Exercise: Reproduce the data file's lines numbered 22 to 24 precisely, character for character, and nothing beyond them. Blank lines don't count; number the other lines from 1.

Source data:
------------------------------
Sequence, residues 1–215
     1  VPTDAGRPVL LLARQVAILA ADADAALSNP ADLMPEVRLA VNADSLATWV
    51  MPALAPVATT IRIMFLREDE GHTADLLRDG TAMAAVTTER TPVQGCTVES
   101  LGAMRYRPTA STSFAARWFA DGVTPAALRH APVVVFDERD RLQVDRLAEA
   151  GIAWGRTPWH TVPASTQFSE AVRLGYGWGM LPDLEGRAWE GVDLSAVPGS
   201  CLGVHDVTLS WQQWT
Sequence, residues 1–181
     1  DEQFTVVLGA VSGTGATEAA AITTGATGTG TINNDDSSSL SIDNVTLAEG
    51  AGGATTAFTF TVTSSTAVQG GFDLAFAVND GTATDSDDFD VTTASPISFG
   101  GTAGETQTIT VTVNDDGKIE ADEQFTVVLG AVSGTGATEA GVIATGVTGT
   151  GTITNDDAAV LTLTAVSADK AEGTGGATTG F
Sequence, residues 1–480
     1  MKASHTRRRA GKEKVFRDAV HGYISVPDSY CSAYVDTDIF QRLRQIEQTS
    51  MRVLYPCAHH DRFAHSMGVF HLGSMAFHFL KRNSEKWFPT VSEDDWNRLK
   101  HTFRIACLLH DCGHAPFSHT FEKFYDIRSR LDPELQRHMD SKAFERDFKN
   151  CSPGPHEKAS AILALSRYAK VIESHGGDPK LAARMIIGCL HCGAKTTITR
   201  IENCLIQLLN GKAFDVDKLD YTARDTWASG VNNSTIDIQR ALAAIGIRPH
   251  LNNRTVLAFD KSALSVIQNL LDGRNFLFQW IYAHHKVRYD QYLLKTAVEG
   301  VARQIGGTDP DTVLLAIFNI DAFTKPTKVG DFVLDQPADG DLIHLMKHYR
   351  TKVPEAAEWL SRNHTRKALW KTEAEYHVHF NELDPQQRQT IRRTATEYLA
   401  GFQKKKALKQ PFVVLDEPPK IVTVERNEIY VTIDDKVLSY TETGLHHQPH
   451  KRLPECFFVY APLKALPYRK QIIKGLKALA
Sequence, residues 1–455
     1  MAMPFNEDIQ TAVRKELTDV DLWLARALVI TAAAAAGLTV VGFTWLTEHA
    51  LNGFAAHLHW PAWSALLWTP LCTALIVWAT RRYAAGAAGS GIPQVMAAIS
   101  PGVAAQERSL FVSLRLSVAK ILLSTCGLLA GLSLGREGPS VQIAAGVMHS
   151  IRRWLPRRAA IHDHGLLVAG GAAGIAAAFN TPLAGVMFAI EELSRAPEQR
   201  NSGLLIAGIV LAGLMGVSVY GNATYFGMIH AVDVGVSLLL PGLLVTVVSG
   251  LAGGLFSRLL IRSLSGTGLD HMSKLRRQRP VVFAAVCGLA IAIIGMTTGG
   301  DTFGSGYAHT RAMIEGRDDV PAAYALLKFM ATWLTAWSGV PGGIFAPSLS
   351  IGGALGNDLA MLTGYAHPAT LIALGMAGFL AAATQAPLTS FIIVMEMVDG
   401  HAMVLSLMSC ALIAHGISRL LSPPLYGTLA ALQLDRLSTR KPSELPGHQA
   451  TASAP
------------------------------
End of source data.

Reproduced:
   451  KRLPECFFVY APLKALPYRK QIIKGLKALA
Sequence, residues 1–455
     1  MAMPFNEDIQ TAVRKELTDV DLWLARALVI TAAAAAGLTV VGFTWLTEHA